Legislative Assembly for the ACT: 2011 Week 10 Hansard (20 September) . . Page.. 4032..
Electronic government documents
Statement by minister
MS GALLAGHER (Molonglo—Chief Minister, Minister for Health and Minister for Industrial Relations), by leave: I am very pleased to have the opportunity today to speak to the Assembly on the open government reforms that are being developed across a number of areas of government and administration. These are reforms that, along with the structural changes to create a single public service, are significantly enhancing how the government can serve, speak with and respond to the community.
In the ministerial statement on open government I made in June this year I committed the government to some important principles. I said I would promote even greater transparency in process and information. I said I would encourage and enable participation by Canberrans in the business of government and I said I would work with the community, drawing on its skills and expertise, to find solutions to issues that we collectively confront as a city.
In that same statement, I set myself, my ministers, the heads of directorates and every single public servant a new default position. I said there ought to be a presumption that information available to the government should also be made available to the community. We as a parliament, as a city and as a community are better placed than almost any parliament, people and city on earth to make greater openness and better communication work to our advantage.
Our system of government is like no other in the country. Our community is smart and brimming with ideas and goodwill. We can do things here in a way that suits us rather than in ways that state and territory governments have traditionally done things. For the first time since self-government we can put in place systems we have designed ourselves and systems that fit.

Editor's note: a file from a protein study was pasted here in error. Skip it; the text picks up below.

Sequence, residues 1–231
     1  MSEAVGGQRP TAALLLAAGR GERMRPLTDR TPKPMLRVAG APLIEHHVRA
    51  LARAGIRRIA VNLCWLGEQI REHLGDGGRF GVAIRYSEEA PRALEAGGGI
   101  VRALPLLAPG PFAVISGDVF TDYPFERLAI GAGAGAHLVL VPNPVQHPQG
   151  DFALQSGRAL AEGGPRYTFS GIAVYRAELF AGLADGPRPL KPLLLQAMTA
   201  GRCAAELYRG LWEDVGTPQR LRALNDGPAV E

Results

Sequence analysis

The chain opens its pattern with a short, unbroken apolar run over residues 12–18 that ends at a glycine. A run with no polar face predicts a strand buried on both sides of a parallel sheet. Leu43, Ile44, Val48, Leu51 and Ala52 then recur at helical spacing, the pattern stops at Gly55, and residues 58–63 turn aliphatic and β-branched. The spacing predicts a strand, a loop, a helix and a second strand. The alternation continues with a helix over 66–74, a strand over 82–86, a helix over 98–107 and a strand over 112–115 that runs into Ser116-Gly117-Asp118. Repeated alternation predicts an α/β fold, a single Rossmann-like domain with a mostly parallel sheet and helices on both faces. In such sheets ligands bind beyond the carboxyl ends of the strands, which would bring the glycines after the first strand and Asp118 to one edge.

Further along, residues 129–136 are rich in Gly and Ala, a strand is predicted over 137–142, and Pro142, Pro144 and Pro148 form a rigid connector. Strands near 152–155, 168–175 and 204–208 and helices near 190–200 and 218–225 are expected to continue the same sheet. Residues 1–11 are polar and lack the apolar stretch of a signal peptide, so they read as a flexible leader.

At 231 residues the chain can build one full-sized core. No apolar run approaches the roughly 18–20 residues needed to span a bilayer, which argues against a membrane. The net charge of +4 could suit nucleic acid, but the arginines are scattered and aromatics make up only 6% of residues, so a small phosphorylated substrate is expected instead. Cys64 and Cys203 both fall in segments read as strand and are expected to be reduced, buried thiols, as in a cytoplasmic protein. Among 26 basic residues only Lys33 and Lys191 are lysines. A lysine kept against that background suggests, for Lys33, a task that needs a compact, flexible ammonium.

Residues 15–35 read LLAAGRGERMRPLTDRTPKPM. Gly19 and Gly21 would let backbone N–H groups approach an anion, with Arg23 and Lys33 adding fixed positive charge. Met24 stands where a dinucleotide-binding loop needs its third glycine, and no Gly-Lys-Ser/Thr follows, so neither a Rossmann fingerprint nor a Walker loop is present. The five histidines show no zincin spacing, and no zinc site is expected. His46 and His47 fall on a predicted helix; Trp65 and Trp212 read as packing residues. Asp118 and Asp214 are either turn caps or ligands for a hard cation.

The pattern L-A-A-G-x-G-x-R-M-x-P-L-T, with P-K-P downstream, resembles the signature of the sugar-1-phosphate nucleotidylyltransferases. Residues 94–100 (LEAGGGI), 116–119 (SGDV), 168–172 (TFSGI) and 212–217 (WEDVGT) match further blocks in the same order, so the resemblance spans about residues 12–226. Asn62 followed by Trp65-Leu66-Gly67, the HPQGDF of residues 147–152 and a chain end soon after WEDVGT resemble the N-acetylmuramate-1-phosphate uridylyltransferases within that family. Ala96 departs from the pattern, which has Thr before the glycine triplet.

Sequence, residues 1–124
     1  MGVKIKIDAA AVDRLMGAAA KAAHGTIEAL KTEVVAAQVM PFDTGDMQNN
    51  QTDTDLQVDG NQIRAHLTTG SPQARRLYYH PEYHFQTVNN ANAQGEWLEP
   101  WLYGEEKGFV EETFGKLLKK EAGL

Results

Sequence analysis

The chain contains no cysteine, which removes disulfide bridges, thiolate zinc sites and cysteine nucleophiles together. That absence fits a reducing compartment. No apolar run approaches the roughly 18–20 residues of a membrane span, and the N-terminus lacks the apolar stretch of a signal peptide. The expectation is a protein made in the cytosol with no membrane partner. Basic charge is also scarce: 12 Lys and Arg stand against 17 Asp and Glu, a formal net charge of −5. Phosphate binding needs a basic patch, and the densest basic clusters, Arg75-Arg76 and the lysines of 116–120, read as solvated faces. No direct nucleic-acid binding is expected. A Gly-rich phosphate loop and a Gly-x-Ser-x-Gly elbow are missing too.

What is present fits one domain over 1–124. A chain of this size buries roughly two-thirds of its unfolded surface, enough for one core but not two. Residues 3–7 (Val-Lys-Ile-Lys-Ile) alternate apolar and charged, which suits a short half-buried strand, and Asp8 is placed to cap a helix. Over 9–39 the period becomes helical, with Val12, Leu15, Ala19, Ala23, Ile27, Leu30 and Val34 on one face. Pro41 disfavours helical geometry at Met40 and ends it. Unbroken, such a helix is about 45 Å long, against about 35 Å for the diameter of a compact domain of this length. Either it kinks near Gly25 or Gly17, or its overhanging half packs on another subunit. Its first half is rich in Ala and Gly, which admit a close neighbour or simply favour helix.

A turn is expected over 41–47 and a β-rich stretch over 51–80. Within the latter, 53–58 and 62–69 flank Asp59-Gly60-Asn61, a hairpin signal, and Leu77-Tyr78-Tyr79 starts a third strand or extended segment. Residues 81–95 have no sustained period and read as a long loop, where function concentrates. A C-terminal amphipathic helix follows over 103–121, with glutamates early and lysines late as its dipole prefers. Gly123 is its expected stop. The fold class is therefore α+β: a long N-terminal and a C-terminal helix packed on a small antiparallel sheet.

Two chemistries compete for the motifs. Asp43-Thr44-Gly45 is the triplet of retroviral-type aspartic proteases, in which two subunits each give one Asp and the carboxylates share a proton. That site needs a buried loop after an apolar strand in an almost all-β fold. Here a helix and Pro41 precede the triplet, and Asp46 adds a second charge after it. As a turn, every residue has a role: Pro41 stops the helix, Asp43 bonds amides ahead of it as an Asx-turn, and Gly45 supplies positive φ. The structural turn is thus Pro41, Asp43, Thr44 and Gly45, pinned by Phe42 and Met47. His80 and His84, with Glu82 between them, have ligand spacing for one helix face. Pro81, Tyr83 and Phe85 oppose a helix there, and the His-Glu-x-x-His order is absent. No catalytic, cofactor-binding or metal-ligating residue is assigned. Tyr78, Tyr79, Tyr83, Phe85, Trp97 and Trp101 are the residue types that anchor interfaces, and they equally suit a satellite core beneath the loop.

As Chief Minister I would like to see everything I promise delivered at once, but I also have a duty to see that what I promise is delivered well. I have a duty to see that what is delivered is solidly based; that it does not, while letting the light shine on one aspect of government activity, inadvertently injure an innocent bystander.
The adoption of a default position that information will be made available to the community should not and does not relieve the government of its moral and legal duty to respect the privacy of ordinary Canberrans. It does not exempt the government from its duty to obey the law when it comes to commercial confidentiality or copyright.
The government is pursuing its reform agenda with all possible speed, but not without care and not without caution. That said, today I can assure you that change—cultural, attitudinal and actual change—is taking root right across government. Already we have delivered on, or are well advanced in relation to, a number of the initiatives I announced in June.
I promised to publish a weekly online summary report of cabinet proceedings. The first of these was published on 6 July. A summary of every cabinet meeting since that date now sits online, available to anyone.